Still another object of the invention is to provide an improved grading system, wherein metal or conducting brackets or clips can be used to hold the end turns in place without increasing the likelihood of ionization and arcing between armature bars and ground.

The subject matter which is regarded as the invention is particularly pointed out and distinctly claimed in the concluding portion of the specification. The invention, however, both as to organization and method of practice, together with further objects and advantages thereof, may best be understood by reference to the following description, taken in connection with the accompanying drawing, in which:

FIG. 1 is a partial perspective view of the end turns of a conventional prior art grading system in a dynamoelectric machine,

FIG. 2 is a similar view of the dynamoelectric machine modified in accordance with one form of the present invention,

FIGS. 3 and 4 are developed schematic views of two coil ends of the dynamoelectric machine corresponding to FIGS. 1 and 2 respectively, and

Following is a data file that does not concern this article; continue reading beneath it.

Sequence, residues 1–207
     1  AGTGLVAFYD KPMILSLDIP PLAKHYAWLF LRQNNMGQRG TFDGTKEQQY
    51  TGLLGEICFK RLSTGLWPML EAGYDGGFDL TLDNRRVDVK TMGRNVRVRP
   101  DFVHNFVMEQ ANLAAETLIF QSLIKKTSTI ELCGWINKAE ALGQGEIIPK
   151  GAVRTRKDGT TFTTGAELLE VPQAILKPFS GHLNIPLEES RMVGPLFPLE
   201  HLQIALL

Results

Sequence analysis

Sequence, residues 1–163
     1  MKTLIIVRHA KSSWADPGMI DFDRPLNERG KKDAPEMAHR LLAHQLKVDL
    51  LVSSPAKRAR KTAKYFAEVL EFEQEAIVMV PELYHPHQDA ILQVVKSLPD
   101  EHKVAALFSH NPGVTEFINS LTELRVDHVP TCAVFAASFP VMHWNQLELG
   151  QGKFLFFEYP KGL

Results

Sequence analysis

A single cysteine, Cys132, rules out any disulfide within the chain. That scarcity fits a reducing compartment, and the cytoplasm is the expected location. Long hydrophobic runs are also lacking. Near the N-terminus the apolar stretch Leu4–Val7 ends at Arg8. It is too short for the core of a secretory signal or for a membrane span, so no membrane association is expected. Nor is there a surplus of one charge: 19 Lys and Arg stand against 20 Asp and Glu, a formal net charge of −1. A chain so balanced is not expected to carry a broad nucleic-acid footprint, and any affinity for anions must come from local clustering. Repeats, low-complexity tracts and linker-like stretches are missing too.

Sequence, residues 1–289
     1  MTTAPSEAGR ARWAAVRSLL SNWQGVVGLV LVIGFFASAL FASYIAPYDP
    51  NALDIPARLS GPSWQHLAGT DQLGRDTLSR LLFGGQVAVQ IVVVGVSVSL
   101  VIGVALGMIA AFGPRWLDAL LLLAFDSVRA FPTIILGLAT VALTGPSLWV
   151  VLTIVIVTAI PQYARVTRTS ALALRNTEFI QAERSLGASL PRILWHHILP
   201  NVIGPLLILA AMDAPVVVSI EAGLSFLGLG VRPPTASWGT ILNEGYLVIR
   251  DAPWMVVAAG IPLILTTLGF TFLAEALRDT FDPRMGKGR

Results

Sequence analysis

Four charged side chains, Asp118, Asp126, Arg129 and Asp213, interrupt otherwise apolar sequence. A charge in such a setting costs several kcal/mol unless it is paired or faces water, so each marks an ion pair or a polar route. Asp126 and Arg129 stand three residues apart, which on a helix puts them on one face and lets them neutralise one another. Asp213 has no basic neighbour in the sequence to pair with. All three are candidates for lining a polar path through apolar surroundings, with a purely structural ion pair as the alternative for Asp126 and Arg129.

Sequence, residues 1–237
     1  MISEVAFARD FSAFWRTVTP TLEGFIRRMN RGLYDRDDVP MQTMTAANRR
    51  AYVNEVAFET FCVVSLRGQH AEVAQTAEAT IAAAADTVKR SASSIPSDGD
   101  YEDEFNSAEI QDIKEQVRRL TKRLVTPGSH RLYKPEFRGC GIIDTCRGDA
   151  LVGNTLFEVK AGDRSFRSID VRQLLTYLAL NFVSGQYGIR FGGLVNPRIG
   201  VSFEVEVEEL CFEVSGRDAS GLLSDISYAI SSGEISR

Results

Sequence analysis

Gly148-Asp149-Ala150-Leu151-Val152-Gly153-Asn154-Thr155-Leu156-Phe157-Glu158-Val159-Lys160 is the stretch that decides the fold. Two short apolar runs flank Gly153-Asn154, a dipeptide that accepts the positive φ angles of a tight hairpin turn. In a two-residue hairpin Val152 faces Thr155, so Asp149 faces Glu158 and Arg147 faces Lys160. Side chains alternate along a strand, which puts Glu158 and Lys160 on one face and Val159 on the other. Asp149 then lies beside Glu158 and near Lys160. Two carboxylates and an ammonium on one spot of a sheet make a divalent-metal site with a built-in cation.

FIG. 5 is a view similar to FIGS. 1 and 2 but modified in accordance with another aspect of the invention.

Briefly stated, the invention is practiced by repositioning the grading coating from the conventional location preceding a closely spaced conductor region to a location near the series loops wherein the conductors are more widely spaced, and grounding the conductor outer insulation in the closely spaced region of the end turns.

Referring now to FIG. 1 of the drawing, a prior art dynamoelectric machine end turn arrangement typical of the prior art includes a laminated stator core 1 having longitudinal slots from whence insulated armature bars 2 emerge into the end turn region. The armature bars 2 comprise lightly insulated strands 3 surrounded by a layer of high voltage insulation 4 commonly applied in successive layers of mica tape impregnated with a suitable curable binder.